‘The Pride of the Yankees’ playing at State Theatre

A scene from “The Pride of the Yankees” shows Babe Ruth, playing himself, talking with Gary Cooper, playing Yankees first baseman Lou Gehrig. The film is featured on Saturday at the State Theatre Center for the Arts Classic Film Series.

The featured film at this weekend’s State Theatre Center for the Arts’ Classic Film Series is as classic as it gets.

The film, “The Pride of the Yankees,” was produced by Sam Goldwyn and directed by Sam Wood. The 1942 film tells the story of legendary New York Yankees first baseman Lou Gehrig, who died of amyotrophic lateral sclerosis (ALS) at age 37 — one year before the movie was released. Later, the disease became widely known as Lou Gehrig’s disease.

The movie stars Gary Cooper as Gehrig, along with Gehrig’s Yankee teammates Yankee Babe Ruth, Bob Meusel, Mark Koenig, and Bill Dickey playing themselves, as does sportscaster Bill Stern.

The film was adapted by Herman J. Mankiewicz, Jo Swerling, and an uncredited Casey Robinson from a story by Paul Gallico, and received 11 Academy Award nominations. Gehrig is followed from his childhood in New York to the film’s climax, a re-enactment of Gehrig’s poignant 1939 farewell speech at Yankee Stadium. The film’s iconic closing line — “Today, I consider myself the luckiest man on the face of the Earth” — was voted 38th on the American Film Institute’s list of 100 greatest movie quotes, according to IMDb website.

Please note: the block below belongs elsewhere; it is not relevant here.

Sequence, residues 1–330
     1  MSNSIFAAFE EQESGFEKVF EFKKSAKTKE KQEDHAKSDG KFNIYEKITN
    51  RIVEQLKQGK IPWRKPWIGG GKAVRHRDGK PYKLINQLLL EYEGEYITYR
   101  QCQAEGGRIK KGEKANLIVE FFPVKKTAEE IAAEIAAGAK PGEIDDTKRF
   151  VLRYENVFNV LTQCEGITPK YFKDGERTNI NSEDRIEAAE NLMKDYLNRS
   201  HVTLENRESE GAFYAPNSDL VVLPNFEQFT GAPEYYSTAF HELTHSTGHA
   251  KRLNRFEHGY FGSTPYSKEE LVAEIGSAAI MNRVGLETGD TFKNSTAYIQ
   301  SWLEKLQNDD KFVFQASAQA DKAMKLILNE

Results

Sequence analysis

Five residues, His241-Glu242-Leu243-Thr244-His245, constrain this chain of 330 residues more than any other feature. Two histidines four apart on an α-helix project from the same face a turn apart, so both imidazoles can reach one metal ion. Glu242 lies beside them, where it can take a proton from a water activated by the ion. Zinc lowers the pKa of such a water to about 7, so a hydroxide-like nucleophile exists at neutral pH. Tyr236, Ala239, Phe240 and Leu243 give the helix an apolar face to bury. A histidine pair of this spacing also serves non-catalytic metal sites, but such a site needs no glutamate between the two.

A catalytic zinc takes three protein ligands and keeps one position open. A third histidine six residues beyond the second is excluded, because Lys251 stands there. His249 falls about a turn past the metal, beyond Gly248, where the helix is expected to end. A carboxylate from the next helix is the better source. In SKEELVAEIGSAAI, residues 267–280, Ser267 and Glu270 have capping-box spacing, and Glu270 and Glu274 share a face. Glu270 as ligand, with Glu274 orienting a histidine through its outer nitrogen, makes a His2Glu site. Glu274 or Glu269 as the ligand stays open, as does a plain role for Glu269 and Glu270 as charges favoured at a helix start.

Although subtitled “The Life of Lou Gehrig,” the film is less a sports biography and more a homage to a heroic and widely loved sports figure whose tragic and premature death touched the entire nation. It emphasizes Gehrig’s relationship with his parents, particularly his strong-willed mother, his friendships with players and journalists, and his storybook romance with the woman who became his “companion for life,” Eleanor.

Details of his baseball career—which were still fresh in most fans’ minds in 1942 — are limited to montages of ballparks, pennants, and Cooper swinging bats and running bases, though Gehrig’s best-known major league record — 2,130 consecutive games played—is prominently cited.

The film is not rated due to pre-dating the rating system by the Motion Picture Association of America, but is family-friendly.

On Rotten Tomatoes website’s Tomatometer, “The Pride of the Yankees’ receives an impressive 93% and the audience score it a 89%.

“Variety” staff writers said, “For baseball and non-baseball fan alike, this sentimental, romantic saga of the NY kid who rose to the baseball heights and later met such a tragic end is well worth seeing.”

The film is slated to hit the State Theatre’s big screen on March 13 and showtimes are 2 p.m. and 7 p.m. at the theater, 37 E. Main St., Uniontown. Admission is $5 for adults and $3 for seniors and students.

Other films to be shown as part of the Classic Film Series include: “Jesus Christ Superstar” (April 24), “Laura” (May 15), “Splendor in the Grass” (June 5), “Willy Wonka and the Chocolate Factory” (July 31) and “American Graffiti” (Aug. 21).

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